Migrated from eDJGroupInc.com. Author: Greg Buckles. Published: 2010-05-07 05:23:40Format, images and links may no longer function correctly. According to the eDiscoveryJournal web analytics, many of you are corporate IT administrators trying to understand these new eDiscovery requirements that your legal department keeps talking about. You provide technology and infrastructure while balancing business requirements against the total cost of ownership. Legal is bound by a different balancing act, cost against risk. This is a fundamental difference between a business unit asking for a document management system and collecting the ESI from twenty laptops for litigation. Many IT administrators tasked with executing collections from their systems have not been given a basic, plain language explanation of the legal requirements for collecting identified ESI when it may be presented as evidence at a later date.

The first rule of collection is to do no harm to the content, format or metadata that you are going to collect. That means using the right tools and testing those tools before you touch the real ESI. I am going to limit this discussion to the ‘reasonable, good faith effort’ standard of civil litigation, but there are arguments for going the extra mile to meet the more stringent criminal forensic collection standards. There are three basic components of any piece of ESI that must be preserved during a collection:

  • Content – The internal ones and zeros of a file blob (short for Binary Large Object) must not be altered when it is copied from the original location to your media location. The normal method of verifying the content of a file is to use a utility to compare the Hash value (unique key based on either the MD5 or SHA-1 algorithm) of the original and the copied items. Most applications designed for legal collection will inventory this and other information prior to making the copy and then automatically verify afterward. The content of an item includes metadata fields that are stored inside item like version dates, title and other fields.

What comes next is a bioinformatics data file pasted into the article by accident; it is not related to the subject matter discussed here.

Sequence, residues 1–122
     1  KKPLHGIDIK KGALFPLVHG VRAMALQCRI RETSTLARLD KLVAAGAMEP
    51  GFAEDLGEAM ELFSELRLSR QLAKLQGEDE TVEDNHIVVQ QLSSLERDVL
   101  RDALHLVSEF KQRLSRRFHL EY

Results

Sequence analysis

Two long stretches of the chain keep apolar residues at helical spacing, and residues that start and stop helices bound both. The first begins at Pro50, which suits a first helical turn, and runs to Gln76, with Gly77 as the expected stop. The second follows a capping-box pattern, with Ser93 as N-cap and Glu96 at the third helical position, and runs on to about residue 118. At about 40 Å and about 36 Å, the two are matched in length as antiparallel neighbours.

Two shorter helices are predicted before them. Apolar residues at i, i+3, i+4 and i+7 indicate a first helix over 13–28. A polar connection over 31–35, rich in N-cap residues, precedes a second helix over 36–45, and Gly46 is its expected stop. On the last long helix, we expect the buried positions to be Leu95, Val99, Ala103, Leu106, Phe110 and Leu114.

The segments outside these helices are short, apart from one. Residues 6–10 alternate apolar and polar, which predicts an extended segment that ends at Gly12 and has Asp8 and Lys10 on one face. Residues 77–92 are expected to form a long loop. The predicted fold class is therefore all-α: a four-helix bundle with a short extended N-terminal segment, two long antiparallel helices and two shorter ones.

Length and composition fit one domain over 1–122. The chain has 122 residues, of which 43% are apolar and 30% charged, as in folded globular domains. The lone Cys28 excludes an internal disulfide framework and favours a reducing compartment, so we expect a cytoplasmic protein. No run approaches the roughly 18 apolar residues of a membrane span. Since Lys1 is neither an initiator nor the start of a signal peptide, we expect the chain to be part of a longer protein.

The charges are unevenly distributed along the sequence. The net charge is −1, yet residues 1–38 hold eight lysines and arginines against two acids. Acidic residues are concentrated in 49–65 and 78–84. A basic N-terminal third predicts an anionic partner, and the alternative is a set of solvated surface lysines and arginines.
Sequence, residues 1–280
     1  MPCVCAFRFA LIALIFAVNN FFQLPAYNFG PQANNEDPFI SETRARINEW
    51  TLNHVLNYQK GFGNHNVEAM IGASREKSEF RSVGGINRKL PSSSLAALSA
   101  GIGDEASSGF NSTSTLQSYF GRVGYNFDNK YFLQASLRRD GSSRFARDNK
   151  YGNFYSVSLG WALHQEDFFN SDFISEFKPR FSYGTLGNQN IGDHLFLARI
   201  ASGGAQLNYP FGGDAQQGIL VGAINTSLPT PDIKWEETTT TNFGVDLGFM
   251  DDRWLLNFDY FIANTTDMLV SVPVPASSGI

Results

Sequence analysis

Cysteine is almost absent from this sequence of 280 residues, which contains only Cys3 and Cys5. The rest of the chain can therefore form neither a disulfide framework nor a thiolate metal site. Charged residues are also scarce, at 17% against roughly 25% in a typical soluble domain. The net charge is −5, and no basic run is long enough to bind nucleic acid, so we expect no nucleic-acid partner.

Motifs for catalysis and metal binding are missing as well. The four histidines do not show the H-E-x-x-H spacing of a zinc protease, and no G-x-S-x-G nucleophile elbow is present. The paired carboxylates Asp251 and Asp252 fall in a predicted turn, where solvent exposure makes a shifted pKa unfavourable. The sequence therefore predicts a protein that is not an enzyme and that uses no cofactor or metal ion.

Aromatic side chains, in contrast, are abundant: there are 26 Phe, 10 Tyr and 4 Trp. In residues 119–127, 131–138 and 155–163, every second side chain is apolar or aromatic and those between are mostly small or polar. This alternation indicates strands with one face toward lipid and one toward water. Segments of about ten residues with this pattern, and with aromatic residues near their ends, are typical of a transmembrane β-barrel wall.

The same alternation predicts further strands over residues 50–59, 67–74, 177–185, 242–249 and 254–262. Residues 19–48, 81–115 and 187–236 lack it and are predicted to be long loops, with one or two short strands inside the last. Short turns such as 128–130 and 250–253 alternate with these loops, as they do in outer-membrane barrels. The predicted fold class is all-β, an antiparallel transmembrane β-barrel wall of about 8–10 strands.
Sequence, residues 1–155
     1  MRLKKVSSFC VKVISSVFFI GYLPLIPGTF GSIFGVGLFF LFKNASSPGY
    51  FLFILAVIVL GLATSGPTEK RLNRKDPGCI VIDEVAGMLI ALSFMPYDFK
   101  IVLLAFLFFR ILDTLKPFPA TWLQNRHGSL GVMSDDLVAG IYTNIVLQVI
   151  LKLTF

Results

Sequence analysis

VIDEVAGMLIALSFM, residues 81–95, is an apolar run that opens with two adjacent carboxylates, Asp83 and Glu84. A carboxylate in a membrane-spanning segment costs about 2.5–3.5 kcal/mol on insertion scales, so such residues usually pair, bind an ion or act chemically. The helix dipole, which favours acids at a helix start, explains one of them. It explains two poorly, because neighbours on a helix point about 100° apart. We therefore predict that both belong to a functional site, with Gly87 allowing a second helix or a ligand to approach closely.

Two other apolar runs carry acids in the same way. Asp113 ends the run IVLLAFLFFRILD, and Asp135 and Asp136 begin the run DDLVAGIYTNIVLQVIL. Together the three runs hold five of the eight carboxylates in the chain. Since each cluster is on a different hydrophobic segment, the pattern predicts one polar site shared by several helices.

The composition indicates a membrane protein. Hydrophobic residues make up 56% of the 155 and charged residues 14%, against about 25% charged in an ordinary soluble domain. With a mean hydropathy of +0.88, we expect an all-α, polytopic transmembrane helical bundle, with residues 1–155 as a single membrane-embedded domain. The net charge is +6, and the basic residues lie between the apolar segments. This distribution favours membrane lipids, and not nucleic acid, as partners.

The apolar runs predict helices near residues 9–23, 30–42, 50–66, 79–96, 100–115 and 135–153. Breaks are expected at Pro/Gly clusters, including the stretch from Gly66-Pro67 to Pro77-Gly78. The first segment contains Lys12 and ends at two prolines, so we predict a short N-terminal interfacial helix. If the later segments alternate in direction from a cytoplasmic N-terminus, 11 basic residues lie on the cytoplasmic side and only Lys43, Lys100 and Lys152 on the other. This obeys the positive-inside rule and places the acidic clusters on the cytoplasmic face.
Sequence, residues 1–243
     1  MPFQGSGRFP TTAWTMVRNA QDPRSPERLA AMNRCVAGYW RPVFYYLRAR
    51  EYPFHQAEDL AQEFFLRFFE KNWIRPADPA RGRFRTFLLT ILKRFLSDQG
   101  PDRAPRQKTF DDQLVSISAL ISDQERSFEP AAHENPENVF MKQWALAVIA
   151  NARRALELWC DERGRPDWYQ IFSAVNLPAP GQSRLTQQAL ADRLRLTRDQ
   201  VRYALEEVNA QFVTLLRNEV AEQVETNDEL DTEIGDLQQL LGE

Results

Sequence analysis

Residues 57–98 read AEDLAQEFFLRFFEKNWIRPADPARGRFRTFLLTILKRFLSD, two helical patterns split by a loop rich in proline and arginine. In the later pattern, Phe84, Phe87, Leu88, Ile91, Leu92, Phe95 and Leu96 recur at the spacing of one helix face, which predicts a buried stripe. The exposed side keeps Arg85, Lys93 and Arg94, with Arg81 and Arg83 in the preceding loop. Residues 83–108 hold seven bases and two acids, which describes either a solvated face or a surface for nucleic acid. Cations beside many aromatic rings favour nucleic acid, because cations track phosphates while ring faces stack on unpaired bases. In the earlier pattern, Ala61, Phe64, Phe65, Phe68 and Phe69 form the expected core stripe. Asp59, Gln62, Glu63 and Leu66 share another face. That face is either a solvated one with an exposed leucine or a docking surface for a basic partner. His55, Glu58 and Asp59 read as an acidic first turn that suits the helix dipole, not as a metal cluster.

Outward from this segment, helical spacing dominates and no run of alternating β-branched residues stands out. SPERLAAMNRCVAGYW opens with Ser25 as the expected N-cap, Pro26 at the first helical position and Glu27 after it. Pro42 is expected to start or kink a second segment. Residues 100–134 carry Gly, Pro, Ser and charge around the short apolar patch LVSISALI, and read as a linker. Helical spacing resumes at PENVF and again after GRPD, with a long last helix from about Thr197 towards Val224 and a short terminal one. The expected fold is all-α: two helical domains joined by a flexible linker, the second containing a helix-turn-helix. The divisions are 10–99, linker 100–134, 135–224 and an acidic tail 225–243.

• Container Metadata – The filename, owner and date fields for a file actually exist in the file system where it resides rather than inside the file. These fields must be captured and replicated on the copied item where possible. The Windows ‘DateLastAccessed’ field is particularly tricky to maintain when running an inventory or copy on a file. I hope that you can see why your counsel might want to know if a report had not been touched for years prior to your collection, especially if their witness claimed to have reviewed it recently. If your entire collection now has yesterday’s date and you are the owner/creator on every file, you can bet that someone on the other side will want to know why. It is not always possible or practical to recreate container metadata on the copy set. You should test a sample set with your tools and tell counsel what was or could be altered. Only they can determine if the potential changes are significant in the context of their matter. Specialized collection tools that reset dates and wrap collections in a forensic container have gotten much more mature and user friendly. Most will provide a detailed inventory or load file that contains all of the captured metadata.

  • Context – This is the most misunderstood and neglected aspect of an ESI collection. A perfect copy that cannot be authenticated is not evidence. In order for the court to recognize and admit a document or file into evidence, the producing party must be able to tell the court where the item came from, who collected it, how it was collected and where it has been at every step from origin to court. This is conventionally called the Chain of Custody. The corporate user who had ‘care, custody and control’ of the item is usually referred to as a custodian. At a deposition or when testifying in trial, an item may be shown to them and they will be asked if this is a true and correct copy of their file. This is called ‘authenticating’ the item so that it can go into evidence. Could you look at a spreadsheet years after you created it and swear that it was the exact spreadsheet that you made? Having clear documentation of where, when and how that item was collected along with the inventory of metadata should give you the confidence in your reasonable belief that this is indeed your spreadsheet.

I hope that you now have a greater understanding and appreciation for the differences between restoring a backup for a user and collecting a network share for legal. Most basic network search and copy applications are just not designed to document and preserve context and metadata. This article has focused on the basics of loose files on desktop and network storage locations. I will follow up with discussions on collections from communication, archive, document management and other data sources.

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